E-Intensive Learning with Online Self and Peer Assessment

Students who are comfortable with traditional classroom can be overwhelmed with distance learning because there are no face-to-face instructions and there is independent studying, yet there is a flexibility to do coursework at anytime. In order to make distance learning more effective and exciting for students and teachers, there are two useful tools that can be utilized online: online Self-assessment and online Peer assessment. So what is online self and peer assessment? And how can learning be effective if it included these assessments?

Online self assessment is an online process of self-testing in order to assess knowledge on any given topic (Ibade & Jauregizar, 2010) while online peer assessment is an online process where students “assess the work of their peers” (Bouzidi & Jaillet, 2009).

Both assessments can be helpful to students in distance learning. Online self assessment provides students with self assessment exercises which they can use to test their knowledge and receive immediate, impartial feedback to their responses (Ibade & Jauregizar, 2010). Peer assessment on the other hand, is a collaborative assessment where students share ideas and provide feedback online; hence, they learn from each other (Bouzidi & Jaillet, 2009). For teachers, both assessments are helpful. Peer assessment reduces teachers’ workload by having fewer assessments to complete but it is still teachers’ responsibility to monitor these online assessments ((Bouzidi & Jaillet, 2009). In self assessment, teachers can access students’ results, monitor their performance, and provide necessary guidance when needed (Ibade & Jauregizar, 2010).

Since peer assessment is a collaborative activity, can it be trusted? How can students avoid personal conflicts when giving online assessment? And how can students ensure more objective assessment and less subjective assessment? These are some of the questions that need to be answered in order to implement online assessments in e-learning process. Some recommendations to enrich the learning environment through peer assessment are ensuring anonymity when assessing any student’s work online, having multiple assessors for each student’s work (Bouzidi & Jaillet (2009) suggested at least 4 assessors), having a teacher to monitor all the online assessments, and having an assessment guide, a marking scheme, or a checklist prepared by the teacher so that students can use it when providing an assessment.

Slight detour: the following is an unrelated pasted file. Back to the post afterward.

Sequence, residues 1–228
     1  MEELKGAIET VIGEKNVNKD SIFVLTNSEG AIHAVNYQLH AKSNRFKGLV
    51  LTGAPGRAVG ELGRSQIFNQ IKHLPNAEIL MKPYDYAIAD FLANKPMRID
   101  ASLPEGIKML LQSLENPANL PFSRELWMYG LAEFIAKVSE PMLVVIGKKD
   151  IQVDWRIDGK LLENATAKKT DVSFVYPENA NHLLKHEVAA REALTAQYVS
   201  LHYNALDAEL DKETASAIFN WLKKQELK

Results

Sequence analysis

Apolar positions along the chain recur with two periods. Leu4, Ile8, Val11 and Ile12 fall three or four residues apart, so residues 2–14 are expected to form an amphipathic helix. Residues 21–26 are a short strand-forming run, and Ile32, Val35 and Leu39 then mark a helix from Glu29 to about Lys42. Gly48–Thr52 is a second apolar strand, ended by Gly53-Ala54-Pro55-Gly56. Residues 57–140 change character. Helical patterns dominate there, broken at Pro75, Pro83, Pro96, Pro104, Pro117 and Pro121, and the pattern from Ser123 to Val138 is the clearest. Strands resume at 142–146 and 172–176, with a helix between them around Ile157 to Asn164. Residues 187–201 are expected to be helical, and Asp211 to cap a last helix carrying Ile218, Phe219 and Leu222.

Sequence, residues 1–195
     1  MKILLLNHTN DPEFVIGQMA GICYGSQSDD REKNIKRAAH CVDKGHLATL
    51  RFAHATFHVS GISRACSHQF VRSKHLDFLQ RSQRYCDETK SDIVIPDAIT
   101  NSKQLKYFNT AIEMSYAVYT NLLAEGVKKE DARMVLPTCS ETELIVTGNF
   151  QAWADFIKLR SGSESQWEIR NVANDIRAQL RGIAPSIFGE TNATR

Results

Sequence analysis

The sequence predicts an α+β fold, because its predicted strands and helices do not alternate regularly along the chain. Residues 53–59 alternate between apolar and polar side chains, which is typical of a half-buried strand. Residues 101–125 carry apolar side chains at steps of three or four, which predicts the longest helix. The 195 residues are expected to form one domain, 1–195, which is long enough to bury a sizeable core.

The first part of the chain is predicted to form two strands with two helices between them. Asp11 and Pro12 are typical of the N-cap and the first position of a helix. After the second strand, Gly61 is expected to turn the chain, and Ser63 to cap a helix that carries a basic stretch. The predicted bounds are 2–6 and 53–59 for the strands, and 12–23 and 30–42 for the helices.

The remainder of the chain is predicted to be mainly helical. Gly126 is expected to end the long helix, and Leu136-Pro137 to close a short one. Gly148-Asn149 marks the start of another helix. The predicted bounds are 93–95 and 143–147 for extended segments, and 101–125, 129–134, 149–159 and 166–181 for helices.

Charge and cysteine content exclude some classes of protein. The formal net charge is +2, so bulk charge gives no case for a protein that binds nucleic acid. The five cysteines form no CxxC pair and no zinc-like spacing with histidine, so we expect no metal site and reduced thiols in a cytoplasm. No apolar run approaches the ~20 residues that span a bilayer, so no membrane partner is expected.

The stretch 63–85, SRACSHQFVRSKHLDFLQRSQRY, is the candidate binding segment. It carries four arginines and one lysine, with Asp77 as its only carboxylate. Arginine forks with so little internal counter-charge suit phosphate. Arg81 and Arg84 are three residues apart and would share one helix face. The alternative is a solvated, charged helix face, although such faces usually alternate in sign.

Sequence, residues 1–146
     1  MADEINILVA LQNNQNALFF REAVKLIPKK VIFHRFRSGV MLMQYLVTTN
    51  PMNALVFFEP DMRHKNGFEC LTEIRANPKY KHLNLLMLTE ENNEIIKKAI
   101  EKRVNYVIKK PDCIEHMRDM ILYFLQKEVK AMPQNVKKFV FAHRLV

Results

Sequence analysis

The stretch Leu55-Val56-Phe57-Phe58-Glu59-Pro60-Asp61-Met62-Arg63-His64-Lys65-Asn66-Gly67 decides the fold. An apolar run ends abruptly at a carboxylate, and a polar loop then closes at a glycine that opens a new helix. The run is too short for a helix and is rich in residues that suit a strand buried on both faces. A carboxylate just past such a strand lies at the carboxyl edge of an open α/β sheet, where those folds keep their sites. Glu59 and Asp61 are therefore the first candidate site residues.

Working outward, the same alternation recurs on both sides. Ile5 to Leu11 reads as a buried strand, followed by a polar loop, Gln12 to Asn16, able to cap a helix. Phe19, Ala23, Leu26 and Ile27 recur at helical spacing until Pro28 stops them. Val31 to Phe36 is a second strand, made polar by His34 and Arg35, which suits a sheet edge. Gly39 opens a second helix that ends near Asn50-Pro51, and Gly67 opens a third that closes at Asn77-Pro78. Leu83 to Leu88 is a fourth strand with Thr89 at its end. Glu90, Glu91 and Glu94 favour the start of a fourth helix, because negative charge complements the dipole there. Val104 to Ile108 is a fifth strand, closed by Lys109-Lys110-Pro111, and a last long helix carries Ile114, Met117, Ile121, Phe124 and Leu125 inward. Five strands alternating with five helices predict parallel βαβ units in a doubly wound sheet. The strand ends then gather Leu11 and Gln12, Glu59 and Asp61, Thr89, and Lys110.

Both online peer and self assessments are beneficial to students and teachers in a distance learning environment. But in order to make these assessments pedagogically effective, careful planning and its future implications need to be considered before implementing them in an e-intensive setting.

References:

Bouzidi, L., & Jaillet, A. (2009). Can Online Peer Assessment be Trusted?. Journal Of Educational Technology & Society, 12(4), 257-268.

Ibabe, I., & Jauregizar, J. (2010). Online self-assessment with feedback and metacognitive knowledge. Higher Education, 59(2), 243-258. doi:10.1007/s10734-009-9245-6

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2 Responses to E-Intensive Learning with Online Self and Peer Assessment

  1. Kara says:

    Hi Rahim,

    Thank your for sharing on assessment and introducing both types in an online format. I like the idea of online self-assessment exercises. It would be neat to see what the feedback given consists of. A plus to the peer-assessment is certainly that teachers’ workload is reduced.

    You posed some great questions. Thinking of peer-assessment with my students in a face-to-face elementary class, I find it as trustworthy as self-assessment. However both require time taken to consider the actual work and thoughtfully reflect before providing feedback. I always hold the peer assessor accountable, in that if I have questions regarding the work I can ask the student that completed it as well as the peer assessor. This tends to encourage assessors to be more objective, as they may have to defend their feedback. Not sure if this could carry over into distance learning, but the recommendations you provide seem worthy to note.

    Relevant blog post, Kara

  2. rahimpira says:

    Thanks for your feedback, Kara!

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